DÃ©jÃ vu All Over Again
Here we are again, poised to be served up another helping of Dietary Guidelines in 2005 and a possible replacement for the failed Food Pyramid. This time, can we expect something less compromised and more reflective of what Americans need to achieve good health?
I think not. Ultimately, the food industry dictates the governmentÂs food advice, shaping the nutrition agenda delivered to the public. In fact, to the food industry, the purpose of food guides is to persuade consumers that all foods (especially those that theyÂre selling) fit into a healthful diet.
The government readily complies. The newly recommended Dietary Guidelines, delivered to the government last September by its handpicked advisory committee will almost assuredly be categorically endorsed. The Guidelines include meaningless Â even deceptive Â recommendations like: ÂChoose carbohydrates wisely for good healthÂ (is a breakfast cereal thatÂs 38 percent sugar a ÂwiseÂ choice?) and ÂChoose fats wisely for good healthÂ (are fast food French fries cooked in artery-clogging, partially hydrogenated vegetable oil, a powerful promoter of heart disease, a ÂwiseÂ choice?). Further, in an apparent attempt to make no foods off-limits, the Guidelines give the nod to Âdiscretionary caloriesÂ from added sugars and fats, once basic nutritional needs have been met.
These statements, which will form the basis of all national food and nutrition policy (including all of the U.S. school meal programs), protect every interest group in the food industry by basically setting no limits on any type or amount of fat and carbohydrate consumed. And all of this with the directive to Âcontrol calorie intake to manage body weight.Â Say what?
How and why does the government allow this to happen? As I learned from my days as a USDA nutritionist, nutrition for the government is primarily a marketing tool to fuel growth in consumer food expenditures and demand for major food commodities: meat, dairy, eggs, wheat. ItÂs an economics lesson that has very little to do with our health and nutrition and everything to do with making sure that food expenditures continue to rise for all interests involved in the food industry.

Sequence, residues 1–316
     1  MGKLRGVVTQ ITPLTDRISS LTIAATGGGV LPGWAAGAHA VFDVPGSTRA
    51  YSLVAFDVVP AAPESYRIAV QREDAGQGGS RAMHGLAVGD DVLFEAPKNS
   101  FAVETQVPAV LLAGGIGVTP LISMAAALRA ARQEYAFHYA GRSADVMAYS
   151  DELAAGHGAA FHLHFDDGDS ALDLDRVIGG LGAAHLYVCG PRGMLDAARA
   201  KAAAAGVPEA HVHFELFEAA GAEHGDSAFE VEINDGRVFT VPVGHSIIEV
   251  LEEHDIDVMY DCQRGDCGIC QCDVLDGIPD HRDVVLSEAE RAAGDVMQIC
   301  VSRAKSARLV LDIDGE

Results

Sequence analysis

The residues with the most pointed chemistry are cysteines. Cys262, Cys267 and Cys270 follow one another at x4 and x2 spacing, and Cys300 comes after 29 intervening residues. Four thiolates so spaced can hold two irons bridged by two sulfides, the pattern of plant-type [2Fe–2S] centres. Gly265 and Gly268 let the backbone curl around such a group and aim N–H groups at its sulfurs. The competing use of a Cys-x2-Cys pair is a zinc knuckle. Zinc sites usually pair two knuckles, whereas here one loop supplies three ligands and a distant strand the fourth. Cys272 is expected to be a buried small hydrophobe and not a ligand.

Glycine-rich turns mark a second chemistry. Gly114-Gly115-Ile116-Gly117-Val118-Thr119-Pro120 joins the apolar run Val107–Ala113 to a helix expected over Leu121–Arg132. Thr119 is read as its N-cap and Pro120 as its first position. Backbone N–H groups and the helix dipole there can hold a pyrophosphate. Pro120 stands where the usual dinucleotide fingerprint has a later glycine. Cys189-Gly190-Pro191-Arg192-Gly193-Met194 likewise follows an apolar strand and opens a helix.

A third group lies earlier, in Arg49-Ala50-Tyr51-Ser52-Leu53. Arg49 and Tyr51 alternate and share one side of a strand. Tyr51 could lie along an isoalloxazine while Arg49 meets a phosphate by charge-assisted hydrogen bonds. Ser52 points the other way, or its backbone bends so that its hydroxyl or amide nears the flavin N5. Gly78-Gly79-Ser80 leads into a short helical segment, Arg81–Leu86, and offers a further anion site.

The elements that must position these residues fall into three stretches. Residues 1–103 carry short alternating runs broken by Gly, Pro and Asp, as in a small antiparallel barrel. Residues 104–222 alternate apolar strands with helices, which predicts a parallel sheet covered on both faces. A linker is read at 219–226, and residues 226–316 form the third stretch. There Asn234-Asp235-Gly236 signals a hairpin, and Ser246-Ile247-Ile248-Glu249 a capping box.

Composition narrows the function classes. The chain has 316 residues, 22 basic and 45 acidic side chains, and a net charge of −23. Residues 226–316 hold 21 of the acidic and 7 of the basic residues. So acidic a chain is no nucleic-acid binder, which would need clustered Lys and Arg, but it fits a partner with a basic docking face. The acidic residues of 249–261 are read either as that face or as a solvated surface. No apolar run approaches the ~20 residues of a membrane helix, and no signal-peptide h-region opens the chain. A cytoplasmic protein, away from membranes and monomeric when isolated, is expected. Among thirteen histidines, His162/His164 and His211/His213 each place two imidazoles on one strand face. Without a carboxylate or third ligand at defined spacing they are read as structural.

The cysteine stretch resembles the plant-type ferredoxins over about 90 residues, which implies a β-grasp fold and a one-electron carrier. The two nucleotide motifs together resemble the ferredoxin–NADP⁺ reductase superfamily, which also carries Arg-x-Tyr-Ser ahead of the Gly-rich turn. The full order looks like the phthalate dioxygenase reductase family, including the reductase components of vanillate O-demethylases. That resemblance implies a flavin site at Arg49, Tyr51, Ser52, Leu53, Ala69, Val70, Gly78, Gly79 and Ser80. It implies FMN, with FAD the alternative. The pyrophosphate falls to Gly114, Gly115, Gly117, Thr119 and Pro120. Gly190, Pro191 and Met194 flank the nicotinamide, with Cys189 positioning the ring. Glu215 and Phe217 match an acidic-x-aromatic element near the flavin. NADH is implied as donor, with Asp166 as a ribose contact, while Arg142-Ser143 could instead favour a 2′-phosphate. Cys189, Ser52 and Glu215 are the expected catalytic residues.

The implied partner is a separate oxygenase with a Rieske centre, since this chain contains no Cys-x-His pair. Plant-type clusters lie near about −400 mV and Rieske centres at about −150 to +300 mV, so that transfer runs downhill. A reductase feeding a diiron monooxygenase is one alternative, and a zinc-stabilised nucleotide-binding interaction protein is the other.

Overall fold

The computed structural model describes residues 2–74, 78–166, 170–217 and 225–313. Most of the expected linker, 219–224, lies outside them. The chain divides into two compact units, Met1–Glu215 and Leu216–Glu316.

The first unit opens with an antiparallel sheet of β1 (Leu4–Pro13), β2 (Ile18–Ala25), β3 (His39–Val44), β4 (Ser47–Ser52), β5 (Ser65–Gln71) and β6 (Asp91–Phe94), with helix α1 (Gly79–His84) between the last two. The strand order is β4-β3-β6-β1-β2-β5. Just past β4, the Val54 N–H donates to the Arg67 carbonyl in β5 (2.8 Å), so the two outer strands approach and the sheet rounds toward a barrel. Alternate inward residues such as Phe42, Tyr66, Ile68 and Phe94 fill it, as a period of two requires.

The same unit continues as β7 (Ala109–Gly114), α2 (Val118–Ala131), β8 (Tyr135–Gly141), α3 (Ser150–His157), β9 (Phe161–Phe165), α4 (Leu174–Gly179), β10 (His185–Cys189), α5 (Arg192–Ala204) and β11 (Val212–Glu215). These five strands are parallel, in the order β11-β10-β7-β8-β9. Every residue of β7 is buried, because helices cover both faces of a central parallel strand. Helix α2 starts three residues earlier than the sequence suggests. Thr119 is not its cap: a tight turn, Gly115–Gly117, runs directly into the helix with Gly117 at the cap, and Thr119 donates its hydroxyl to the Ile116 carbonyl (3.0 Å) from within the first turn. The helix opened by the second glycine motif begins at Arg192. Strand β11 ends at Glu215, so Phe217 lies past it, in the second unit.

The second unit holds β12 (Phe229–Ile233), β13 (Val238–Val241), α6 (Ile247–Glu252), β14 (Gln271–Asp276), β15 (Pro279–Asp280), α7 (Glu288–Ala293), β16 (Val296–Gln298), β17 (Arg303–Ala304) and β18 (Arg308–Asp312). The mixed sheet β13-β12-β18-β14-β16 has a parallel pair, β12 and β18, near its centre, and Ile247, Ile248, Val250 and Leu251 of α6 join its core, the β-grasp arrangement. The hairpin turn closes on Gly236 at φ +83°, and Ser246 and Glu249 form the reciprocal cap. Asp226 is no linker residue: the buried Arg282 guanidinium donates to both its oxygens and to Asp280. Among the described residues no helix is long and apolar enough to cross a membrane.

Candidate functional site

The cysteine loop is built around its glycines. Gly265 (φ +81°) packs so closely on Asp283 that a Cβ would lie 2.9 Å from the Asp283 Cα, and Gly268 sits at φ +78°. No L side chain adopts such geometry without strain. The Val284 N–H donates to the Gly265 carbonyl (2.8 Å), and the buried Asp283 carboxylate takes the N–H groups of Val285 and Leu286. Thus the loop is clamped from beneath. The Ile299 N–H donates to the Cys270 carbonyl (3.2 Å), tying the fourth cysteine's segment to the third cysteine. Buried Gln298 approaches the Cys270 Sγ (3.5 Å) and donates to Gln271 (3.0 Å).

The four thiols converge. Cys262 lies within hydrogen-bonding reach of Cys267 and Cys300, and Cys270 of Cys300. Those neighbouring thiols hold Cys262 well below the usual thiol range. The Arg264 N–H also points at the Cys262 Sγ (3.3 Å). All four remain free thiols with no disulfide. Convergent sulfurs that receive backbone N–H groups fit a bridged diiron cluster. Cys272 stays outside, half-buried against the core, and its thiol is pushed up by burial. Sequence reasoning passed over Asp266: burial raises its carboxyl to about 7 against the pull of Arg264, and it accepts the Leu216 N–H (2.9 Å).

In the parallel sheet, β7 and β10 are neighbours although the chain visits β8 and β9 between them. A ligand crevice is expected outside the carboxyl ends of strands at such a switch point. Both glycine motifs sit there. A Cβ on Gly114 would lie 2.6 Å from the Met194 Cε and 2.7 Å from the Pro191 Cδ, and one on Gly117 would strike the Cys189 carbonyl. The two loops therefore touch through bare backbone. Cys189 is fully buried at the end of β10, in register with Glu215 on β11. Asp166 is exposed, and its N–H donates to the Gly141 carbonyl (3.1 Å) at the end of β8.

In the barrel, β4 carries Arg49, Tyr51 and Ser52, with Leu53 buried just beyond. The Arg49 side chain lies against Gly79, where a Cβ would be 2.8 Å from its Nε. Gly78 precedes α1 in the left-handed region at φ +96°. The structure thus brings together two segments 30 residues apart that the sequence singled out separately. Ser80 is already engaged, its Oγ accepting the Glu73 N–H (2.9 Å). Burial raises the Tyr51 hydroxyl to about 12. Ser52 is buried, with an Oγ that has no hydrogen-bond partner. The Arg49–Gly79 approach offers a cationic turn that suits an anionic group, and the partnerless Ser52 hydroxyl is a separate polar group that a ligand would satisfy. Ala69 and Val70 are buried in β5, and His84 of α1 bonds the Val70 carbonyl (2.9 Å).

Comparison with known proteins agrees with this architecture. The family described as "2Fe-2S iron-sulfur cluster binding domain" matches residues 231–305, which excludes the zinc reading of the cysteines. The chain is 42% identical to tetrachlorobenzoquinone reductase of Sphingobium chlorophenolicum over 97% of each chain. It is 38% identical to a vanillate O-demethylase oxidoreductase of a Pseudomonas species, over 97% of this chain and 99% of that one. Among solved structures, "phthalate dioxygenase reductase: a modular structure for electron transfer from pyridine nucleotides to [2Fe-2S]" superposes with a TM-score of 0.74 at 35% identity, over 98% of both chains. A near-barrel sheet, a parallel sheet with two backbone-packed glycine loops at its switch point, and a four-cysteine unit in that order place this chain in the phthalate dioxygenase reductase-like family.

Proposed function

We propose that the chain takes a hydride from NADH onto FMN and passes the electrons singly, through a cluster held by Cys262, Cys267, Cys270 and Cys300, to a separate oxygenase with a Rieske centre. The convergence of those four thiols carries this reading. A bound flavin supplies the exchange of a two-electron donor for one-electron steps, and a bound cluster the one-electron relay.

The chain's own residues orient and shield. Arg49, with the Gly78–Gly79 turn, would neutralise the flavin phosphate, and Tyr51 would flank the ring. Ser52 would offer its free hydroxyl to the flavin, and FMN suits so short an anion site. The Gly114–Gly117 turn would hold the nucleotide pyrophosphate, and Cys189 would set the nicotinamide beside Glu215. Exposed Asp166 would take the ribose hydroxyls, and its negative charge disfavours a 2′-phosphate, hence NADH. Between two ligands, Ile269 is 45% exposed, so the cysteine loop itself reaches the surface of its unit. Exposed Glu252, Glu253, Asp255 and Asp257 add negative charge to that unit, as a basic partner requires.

Moreover, the USDA has had a long and cozy relationship with the food industry, whose executives often end up in USDA leadership positions (for instance, Mr. Hentges, formerly of the National Pork ProducersÂ Council and mentioned earlier). In fact, consumer groups requested (unsuccessfully) last year that seven of the 13 panel members who were writing the Food Guidelines, be removed because of their close ties to the food industry. Additionally, hundreds of food industry lobbyists keep the USDA in line Â their line. Agriculture is among the top 10 industries that spend most on lobbying efforts.
ItÂs evident that the government canÂt be relied on to provide objective, health-promoting food and nutrition advice. In the 25 years since the initial Food Guide was developed, we face an unprecedented nutrition crisis. A majority of Americans have poor-quality diets and the rates of diet-related chronic diseases, from cancer, diabetes and heart disease to digestive diseases and arthritis, are soaring. The latest research blames commercial food ingredients, imbalanced diets, excessive calories and too few nutrient and antioxidant-rich vegetables, fruits and whole grains.
Given our national nutrition crisis, itÂs vital that the government deliver state of the art nutrition advice that is unfettered by special interests. Being intimately aware of the governmentÂs internal workings, I suggest the responsibility be moved totally to the Department of Health and Human Services where nutritionists donÂt have ties to the food industry and officials are less likely to knuckle under to pressures from food lobbies. The USDAÂs built-in conflicts of interest must be openly acknowledged so that we can make the shift. Nutrition is too important to leave to anyone whoÂs interest is convincing us to Âjust eat more.Â